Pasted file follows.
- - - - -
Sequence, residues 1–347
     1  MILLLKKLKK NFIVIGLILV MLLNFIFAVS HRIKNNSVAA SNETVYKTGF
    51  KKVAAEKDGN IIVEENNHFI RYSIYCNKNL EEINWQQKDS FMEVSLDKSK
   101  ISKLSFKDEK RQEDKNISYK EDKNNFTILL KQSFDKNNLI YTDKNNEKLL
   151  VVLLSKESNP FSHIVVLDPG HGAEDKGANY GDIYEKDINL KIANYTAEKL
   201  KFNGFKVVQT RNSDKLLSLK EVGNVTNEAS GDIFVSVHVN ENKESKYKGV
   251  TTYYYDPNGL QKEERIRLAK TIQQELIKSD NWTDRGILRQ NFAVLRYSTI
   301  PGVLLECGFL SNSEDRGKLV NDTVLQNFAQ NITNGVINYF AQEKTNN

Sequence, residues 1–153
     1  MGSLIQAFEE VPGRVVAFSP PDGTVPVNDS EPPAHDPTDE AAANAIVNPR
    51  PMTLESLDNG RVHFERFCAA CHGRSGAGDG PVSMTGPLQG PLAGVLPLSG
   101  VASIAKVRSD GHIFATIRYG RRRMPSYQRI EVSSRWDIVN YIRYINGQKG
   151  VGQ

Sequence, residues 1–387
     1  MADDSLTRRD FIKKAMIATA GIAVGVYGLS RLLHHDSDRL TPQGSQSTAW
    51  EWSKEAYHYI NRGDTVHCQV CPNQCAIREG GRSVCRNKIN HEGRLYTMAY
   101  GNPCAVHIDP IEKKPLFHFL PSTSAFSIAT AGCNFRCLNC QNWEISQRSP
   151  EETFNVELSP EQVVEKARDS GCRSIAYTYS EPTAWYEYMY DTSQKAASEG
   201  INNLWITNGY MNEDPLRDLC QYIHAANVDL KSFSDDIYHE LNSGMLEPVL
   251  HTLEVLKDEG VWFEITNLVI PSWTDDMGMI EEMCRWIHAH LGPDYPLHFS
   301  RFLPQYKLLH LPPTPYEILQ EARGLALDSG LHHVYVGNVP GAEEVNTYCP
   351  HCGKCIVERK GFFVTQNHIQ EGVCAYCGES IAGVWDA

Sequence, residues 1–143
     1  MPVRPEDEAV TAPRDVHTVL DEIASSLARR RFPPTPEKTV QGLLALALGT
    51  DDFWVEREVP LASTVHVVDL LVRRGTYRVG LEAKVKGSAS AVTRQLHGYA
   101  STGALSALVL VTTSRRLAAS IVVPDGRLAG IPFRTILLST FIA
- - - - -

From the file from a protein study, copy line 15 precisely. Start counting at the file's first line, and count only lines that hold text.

     1  MADDSLTRRD FIKKAMIATA GIAVGVYGLS RLLHHDSDRL TPQGSQSTAW